Thursday, January 12, 2012

DIY: Nook Cover Closure

Hi everyone,

Today I'm going to show a little Do It Yourself project I did on my new Nook Color cover/case to let me keep it closed. You can replicate it on a Kindle case, or even an iPad case, depending on the design.

 It's a lovely leather case by Jonathan Adler for Barnes & Noble, but it had one problem: it had no closure. Now this probably isn't a big deal, except for the fact that I kept having visions of freak in-purse accidents happening--a pen slips in between the cover and the screen, I drop my bag, and crack! Or, the gum works its way free of the Orbit paper container and the New York heat melts it onto my screen...disaster. Plus the case was overpriced in the first place (as all these fancy cases are) and I just couldn't believe it didn't come with a buckle or something! So, not about to return the totally cute case, I thought up an incredibly cheap and simple solution that doesn't damage the leather at all.

This is the case originally, first the outside and second the inside:

Jonathan Adler Mandala Cover in Navy and Red
Pictures courtesy of Barnes and Noble website. No clue what those white porcelain things with the eyes are in the background. Fish?

Jonathan Adler Mandala Cover in Navy and Red
Emma is one of the worst literary heroines of all time. She's completely unlikable. Eugh!

The tools I used were a hodgepodge borrowed from my mom's sewing desk. Thanks, Mom!

Don't worry, guys, I know not everyone has a curved needle or a seam ripper (far right), but most people have some combination of an X-acto knife/paring knife + small scissors/screw driver + needle. 

The last thing I took was a stretchy closure from one of my dad's file folders that was laying around. It probably costs 50 cents at CVS. This black elastic thing here:

Step #1: Draw a dot in pen about midway down the inner cover, as close to the seam as possible so as to let the cover close fully once the metal anchor of the elastic band is in place.

Step #2: Poke X-acto knife or paring knife through hole; twist to enlarge the hole. Then, if you have a needle that gets wider from point to end, poke that through to try to get the hole bigger. The idea is to be able to fit a loop of the elastic into the smallest hole possible to keep it as secure as possible.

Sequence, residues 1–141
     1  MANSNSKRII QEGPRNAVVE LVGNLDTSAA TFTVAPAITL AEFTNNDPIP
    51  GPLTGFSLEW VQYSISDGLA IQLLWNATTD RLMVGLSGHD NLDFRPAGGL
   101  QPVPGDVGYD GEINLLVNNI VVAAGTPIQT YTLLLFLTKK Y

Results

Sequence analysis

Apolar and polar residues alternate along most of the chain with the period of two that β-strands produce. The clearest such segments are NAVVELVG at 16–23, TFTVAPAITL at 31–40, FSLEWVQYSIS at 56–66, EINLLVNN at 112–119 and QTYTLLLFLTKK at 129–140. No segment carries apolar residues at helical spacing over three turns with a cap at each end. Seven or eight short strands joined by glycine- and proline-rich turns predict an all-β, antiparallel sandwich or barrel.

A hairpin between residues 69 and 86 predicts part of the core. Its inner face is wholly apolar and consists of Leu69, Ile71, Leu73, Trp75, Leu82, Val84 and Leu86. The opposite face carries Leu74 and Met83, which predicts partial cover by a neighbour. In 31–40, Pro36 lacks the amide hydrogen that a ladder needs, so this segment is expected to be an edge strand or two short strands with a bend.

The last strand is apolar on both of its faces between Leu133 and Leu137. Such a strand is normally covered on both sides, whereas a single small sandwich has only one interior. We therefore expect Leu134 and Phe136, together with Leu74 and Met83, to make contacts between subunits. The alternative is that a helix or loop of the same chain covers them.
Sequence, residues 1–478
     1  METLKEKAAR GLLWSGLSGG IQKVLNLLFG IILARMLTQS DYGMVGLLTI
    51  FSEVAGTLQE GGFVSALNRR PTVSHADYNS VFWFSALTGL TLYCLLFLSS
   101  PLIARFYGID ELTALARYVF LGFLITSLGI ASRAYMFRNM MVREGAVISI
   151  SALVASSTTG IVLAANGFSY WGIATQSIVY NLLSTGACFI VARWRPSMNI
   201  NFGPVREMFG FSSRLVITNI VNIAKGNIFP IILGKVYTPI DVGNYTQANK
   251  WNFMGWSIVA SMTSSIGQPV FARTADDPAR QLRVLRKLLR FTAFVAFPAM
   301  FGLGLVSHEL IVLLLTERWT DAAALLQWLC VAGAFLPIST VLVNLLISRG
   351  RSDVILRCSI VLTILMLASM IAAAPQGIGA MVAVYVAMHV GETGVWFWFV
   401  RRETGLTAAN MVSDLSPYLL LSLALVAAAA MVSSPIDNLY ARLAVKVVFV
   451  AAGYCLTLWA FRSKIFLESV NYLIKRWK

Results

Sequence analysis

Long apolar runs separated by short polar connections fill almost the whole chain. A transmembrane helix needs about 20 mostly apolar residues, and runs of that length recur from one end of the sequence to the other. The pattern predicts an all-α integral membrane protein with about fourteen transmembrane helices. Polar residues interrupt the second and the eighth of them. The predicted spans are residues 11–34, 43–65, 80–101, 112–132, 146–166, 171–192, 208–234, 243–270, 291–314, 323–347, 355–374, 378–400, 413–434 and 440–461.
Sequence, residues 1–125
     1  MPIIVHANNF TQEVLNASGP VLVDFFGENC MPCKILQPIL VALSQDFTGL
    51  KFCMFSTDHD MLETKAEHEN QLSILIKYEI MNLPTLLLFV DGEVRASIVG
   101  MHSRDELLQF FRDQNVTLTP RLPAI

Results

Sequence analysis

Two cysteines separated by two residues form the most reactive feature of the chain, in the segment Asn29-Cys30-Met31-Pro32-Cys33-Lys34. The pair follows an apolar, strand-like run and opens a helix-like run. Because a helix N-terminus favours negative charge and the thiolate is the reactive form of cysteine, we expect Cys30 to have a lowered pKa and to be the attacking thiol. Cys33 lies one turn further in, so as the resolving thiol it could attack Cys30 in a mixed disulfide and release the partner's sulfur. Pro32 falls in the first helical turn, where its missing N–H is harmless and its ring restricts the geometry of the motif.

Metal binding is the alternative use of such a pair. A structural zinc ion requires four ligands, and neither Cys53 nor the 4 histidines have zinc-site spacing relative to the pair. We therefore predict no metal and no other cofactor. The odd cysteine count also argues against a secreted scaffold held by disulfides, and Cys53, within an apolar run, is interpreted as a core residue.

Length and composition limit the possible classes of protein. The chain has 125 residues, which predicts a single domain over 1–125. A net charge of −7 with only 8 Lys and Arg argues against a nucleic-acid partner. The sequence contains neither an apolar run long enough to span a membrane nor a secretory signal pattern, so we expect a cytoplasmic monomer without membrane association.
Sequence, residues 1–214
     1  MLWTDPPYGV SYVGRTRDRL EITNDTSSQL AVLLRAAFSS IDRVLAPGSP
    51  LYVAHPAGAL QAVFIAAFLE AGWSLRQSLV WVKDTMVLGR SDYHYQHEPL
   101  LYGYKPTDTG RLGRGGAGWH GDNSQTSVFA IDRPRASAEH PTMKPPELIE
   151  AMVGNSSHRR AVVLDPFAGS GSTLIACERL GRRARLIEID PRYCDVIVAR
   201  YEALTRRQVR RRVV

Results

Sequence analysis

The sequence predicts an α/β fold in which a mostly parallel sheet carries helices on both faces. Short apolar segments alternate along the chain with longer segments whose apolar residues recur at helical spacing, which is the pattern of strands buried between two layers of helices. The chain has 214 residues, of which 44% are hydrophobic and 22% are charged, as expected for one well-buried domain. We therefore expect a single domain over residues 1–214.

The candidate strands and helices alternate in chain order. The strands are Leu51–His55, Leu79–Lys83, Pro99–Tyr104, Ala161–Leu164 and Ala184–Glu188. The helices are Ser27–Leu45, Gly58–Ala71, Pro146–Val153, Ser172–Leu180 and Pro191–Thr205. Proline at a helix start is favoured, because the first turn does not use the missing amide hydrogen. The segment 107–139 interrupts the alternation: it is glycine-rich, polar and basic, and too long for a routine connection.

Step #3: Twist the scissors (keeping the blades closed as in photo) or small screwdriver through hole, wiggling back and forth to enlarge a bit further. Do size checks by trying to fit the loop in periodically (from beneath the flap--you want the metal anchor to be hidden). When it seems plausible, then you go to Step #4.

Step #4: Hello, welcome to Step #4. Here, we poke the elastic with a needle--NOTE we do not THREAD the needle, we poke the elastic through with a needle (I used the curved one), like this:

Step #5: Work the needle through the hole, and once the elastic begins to show through on the outside, pull it through while pushing the needle. 

Step #6: Pull through all the way until the metal anchor is flush with the flap! Pat yourself on the back, you're done!

This is what it will look like on the outside, closed two different ways:



And there you have it! A great, super cheap fix up for an otherwise great Nook case. I was really happy with this project!

Bonus/DIY #2: I also came up with an idea for that empty "This Nook belongs to:" spot.  I'll be taking a rectangular piece of paper, folding it in half width-wise. On the outer flap, decorate it with something cool, maybe some abstract scrolling intaglio I used to doodle compulsively in high school, or a mini collage of flowers from a magazine. On the inside, my actual contact information. This way, no subway creeper can lean over and memorize/copy down my information without me knowing, and I get to personalize my Nook even more! I'll post up a picture when I actually do it. For now--I'm lazy, bahah.

Happy Reading!

Wednesday, January 4, 2012


I made some guacamole the other day and thought I'd post it up, since I make guacamole differently than other people, on account of how mine's spicy.

It's also totally yummy:

Now I normally make this with my sous-chef, but since he's currently luxuriating on a small Caribbean island I had to do it all by myself, hahah.

I don't know what other people put in their guacamole, but here's (more or less) what went into mine:


1 avocado, peeled and mashed
~3 tablespoons of chopped cilantro 
1 finely chopped serrano pepper with seeds
1/4 diced red onion
~1 teaspoon of salt, more to taste
~1 tablespoon lime juice, to taste

Serves about three to four people if you don't want leftovers.

Now some people put garlic in it, which tastes good too, and tomatoes--but that's generally what I use salsa or pico de gallo for. 

I might have overdone some of the salt and lime juice because the avocado was very ripe, so it needed some extra oomph, but just taste steadily as you go to make sure it tastes nice to you.

A quick tip on picking avocados: make sure that they have some give to them when you squeeze them, but not as much as a mango, maybe more like a peach. That's assuming you like your mangoes very ripe, as I do.

Next time, I'll consult my sous-chef and see if there's some trick to make it yummier I've forgotten.

Happy eating!